5-Year Outcomes After TAVR With CoreValve

Study Questions:

What are the 5-year outcomes associated with transcatheter aortic valve replacement (TAVR) using the self-expanding CoreValve prosthesis?

Methods:

Starting in June 2007, all consecutive patients with severe aortic stenosis undergoing TAVR with the third-generation 18-F CoreValve device (Medtronic Inc.; Minneapolis, MN) in eight Italian centers were prospectively included in the ClinicalService Project. For the purposes of this study, only consecutive patients with 5-year follow-up data available (n = 353) treated from June 2007 to August 2009 were included. All outcomes were reported according to Valve Academic Research Consortium (VARC)-1 criteria.

Results:

All-cause mortality rates at 1, 2, 3, 4, and 5 years were 21%, 29%, 38%, 48%, and 55%, respectively; cardiovascular mortality rates were 10%, 14%, 19%, 23%, and 28%, respectively. The overall neurological event rate at 5 years was 7.5%, of which more than two-thirds occurred early after the procedure. During follow-up, there were 241 re-hospitalizations for cardiovascular reasons in 164 (46%) patients. Among all re-hospitalizations, acute heart failure was the most frequently reported (42.7%), followed by requirement of permanent pacemaker implantation (17.4%). On echocardiography, mean transaortic gradients decreased from 55.6 ± 16.8 mm Hg (pre-TAVR) to 12.8 ± 10.9 mm Hg (5-years post-TAVR) (p < 0.001). Late prosthesis failure occurred in five cases (1.4%); among these, redo TAVR was successfully carried out in two patients (0.6%) presenting with symptomatic prosthesis restenosis. The remaining three cases of prosthesis failure did not undergo further invasive interventions. Ten patients (2.8%) had evidence of late mild stenosis, with a mean transaortic gradient ranging from 20 to 40 mm Hg. No other cases of structural or nonstructural valvular deterioration were observed. Valve thrombosis or late valve embolization were not reported.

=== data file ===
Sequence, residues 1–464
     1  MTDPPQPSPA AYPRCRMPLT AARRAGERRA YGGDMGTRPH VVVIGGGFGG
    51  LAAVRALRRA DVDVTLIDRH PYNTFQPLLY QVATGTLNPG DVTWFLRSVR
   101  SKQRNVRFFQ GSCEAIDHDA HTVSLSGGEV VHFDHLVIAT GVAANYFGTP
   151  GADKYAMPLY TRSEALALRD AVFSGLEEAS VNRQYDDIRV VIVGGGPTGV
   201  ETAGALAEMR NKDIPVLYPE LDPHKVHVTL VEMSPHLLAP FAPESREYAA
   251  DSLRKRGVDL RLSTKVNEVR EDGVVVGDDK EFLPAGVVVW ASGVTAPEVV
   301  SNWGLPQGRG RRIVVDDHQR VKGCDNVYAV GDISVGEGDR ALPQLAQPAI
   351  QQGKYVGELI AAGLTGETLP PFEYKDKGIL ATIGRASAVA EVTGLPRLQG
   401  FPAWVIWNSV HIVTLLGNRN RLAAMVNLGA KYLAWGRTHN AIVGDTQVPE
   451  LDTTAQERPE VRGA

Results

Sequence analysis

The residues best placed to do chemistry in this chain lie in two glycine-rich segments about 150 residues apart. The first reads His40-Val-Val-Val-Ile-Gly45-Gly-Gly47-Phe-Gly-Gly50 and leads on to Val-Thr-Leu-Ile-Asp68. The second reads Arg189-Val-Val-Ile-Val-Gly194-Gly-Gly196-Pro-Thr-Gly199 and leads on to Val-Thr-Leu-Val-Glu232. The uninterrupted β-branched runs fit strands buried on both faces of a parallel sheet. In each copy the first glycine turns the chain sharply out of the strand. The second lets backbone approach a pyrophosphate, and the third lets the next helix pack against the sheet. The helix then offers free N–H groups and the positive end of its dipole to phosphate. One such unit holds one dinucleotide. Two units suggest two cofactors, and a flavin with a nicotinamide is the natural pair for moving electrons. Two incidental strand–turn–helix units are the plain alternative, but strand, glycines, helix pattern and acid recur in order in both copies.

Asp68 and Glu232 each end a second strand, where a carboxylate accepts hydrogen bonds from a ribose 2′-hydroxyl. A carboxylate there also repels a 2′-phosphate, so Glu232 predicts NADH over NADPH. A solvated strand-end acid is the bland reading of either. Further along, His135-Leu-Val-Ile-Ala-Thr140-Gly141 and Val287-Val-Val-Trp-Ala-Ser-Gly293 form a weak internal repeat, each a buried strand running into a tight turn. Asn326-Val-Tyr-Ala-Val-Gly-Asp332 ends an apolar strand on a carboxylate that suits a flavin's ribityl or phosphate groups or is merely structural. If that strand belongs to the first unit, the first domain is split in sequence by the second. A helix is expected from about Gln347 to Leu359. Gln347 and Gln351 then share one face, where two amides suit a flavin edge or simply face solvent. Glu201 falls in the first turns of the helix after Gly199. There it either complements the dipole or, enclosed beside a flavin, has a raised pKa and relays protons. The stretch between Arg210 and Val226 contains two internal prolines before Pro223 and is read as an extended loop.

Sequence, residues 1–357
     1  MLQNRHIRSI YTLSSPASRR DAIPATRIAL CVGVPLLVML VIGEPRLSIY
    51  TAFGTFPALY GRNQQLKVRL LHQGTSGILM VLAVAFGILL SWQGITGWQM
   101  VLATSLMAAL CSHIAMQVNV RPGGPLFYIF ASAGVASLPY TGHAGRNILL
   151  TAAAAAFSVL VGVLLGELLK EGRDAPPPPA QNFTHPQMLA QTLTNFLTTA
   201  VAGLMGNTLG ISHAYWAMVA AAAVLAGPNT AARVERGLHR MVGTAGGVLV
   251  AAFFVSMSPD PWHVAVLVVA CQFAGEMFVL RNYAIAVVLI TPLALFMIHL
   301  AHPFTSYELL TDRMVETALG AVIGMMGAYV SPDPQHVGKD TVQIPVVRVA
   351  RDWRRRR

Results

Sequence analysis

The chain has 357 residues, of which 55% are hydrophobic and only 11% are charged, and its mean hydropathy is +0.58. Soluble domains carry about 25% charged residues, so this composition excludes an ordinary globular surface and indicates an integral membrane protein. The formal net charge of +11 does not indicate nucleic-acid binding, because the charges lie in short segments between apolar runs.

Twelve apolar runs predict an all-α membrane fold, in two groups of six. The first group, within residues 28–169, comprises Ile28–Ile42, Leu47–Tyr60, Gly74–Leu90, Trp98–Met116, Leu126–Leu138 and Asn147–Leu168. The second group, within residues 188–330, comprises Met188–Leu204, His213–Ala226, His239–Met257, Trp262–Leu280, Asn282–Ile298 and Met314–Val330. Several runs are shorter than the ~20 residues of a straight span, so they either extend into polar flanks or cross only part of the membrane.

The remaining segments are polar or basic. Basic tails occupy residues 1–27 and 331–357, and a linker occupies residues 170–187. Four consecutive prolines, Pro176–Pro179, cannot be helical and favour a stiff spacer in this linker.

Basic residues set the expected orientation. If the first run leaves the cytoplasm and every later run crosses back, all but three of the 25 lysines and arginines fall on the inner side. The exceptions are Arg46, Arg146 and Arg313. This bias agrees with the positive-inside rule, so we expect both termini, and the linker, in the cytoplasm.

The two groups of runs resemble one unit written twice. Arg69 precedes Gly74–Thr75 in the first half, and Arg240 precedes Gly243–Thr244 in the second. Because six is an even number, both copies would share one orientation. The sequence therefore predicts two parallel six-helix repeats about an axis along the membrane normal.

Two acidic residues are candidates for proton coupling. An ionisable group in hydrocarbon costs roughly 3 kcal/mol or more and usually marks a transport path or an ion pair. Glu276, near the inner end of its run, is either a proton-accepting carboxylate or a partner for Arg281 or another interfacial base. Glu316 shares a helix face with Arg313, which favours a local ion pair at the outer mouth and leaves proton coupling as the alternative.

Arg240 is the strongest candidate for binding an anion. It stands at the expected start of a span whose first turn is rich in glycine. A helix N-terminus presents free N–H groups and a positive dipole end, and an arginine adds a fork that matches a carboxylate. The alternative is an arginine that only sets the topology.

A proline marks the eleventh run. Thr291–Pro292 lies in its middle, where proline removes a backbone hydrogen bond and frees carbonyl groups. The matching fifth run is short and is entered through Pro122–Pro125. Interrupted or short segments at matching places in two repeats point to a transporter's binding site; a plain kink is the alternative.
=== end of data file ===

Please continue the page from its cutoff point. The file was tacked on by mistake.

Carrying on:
Conclusions:

TAVR with the third-generation CoreValve was associated with sustained clinical outcomes up to 5 years post-procedure, with a low rate (1.4%) of significant prosthetic valve degeneration. The procedure appears to be an adequate and durable treatment for aortic stenosis in selected high-risk patients.

Perspective:

Data from this multicenter Italian registry support favorable and durable (to 5 years) outcomes following TAVR with the CoreValve device. Patients were 81.5 ± 6.3 years of age at the time of intervention. As TAVR is being used in progressively lower-risk patients, independent assessment of outcomes (and especially durability in younger patients) will be of interest.

Clinical Topics: Cardiac Surgery, Heart Failure and Cardiomyopathies, Invasive Cardiovascular Angiography and Intervention, Noninvasive Imaging, Valvular Heart Disease, Aortic Surgery, Cardiac Surgery and Heart Failure, Cardiac Surgery and VHD, Acute Heart Failure, Interventions and Imaging, Interventions and Structural Heart Disease, Echocardiography/Ultrasound

Keywords: Aortic Valve Stenosis, Cardiovascular Surgical Procedures, Constriction, Pathologic, Echocardiography, Heart Failure, Heart Valve Diseases, Prosthesis Failure, Prostheses and Implants, Thrombosis, Transcatheter Aortic Valve Replacement


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